Implementing systems thinking for infection prevention: The cessation of repeated scabies outbreaks in a respiratory care ward

Sheuwen Chuang, Peter P. Howley, Shih Hua Lin

Research output: Contribution to journalArticle

4 Citations (Scopus)

Abstract

Background Root cause analysis (RCA) is often adopted to complement epidemiologic investigation for outbreaks and infection-related adverse events in hospitals; however, RCA has been argued to have limited effectiveness in preventing such events. We describe how an innovative systems analysis approach halted repeated scabies outbreaks, and highlight the importance of systems thinking for outbreaks analysis and sustaining effective infection prevention and control. Methods Following RCA for a third successive outbreak of scabies over a 17-month period in a 60-bed respiratory care ward of a Taiwan hospital, a systems-oriented event analysis (SOEA) model was used to reanalyze the outbreak. Both approaches and the recommendations were compared. Results No nosocomial scabies have been reported for more than 1975 days since implementation of the SOEA. Previous intervals between seeming eradication and repeat outbreaks following RCA were 270 days and 180 days. Achieving a sustainable positive resolution relied on applying systems thinking and the holistic analysis of the system, not merely looking for root causes of events. Conclusion To improve the effectiveness of outbreaks analysis and infection control, an emphasis on systems thinking is critical, along with a practical approach to ensure its effective implementation. The SOEA model provides the necessary framework and is a viable complementary approach, or alternative, to RCA.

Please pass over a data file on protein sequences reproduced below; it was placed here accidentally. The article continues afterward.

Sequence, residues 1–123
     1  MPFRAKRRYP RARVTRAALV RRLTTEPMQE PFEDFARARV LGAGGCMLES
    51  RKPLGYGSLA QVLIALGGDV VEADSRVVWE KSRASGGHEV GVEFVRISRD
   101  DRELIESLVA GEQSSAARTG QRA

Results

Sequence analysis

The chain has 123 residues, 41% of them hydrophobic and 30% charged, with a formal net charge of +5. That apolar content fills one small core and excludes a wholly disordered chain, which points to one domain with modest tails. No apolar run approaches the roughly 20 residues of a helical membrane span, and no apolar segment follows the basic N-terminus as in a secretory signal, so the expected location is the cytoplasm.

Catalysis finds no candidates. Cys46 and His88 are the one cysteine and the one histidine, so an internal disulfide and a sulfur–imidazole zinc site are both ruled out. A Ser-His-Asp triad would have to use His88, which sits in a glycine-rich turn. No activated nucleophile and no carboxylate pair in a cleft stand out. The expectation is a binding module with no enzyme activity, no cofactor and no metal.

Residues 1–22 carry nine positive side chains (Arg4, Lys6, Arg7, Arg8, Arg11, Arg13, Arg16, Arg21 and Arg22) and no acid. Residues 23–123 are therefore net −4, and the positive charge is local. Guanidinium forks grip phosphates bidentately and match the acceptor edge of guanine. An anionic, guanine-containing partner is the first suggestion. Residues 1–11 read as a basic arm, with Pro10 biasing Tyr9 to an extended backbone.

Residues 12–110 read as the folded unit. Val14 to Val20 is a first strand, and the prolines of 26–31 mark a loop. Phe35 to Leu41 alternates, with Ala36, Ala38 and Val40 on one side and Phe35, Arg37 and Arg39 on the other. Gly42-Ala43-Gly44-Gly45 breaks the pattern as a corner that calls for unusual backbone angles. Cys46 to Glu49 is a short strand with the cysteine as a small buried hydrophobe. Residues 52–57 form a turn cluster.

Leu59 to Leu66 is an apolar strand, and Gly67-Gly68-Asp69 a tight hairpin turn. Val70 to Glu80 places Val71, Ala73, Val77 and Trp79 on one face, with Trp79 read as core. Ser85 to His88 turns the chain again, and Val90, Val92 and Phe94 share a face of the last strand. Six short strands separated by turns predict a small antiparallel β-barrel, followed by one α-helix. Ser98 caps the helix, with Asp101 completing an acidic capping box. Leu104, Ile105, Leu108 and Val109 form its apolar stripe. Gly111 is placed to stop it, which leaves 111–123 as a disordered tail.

Original languageEnglish
Pages (from-to)499-505
Number of pages7
JournalAmerican Journal of Infection Control
Volume43
Issue number5
DOIs
Publication statusPublished - May 1 2015

Keywords

  • Health care-associated infection
  • Root-cause analysis
  • Scabies outbreak
  • Systems thinking
  • Systems-oriented event analysis

ASJC Scopus subject areas

  • Infectious Diseases
  • Public Health, Environmental and Occupational Health
  • Epidemiology
  • Health Policy

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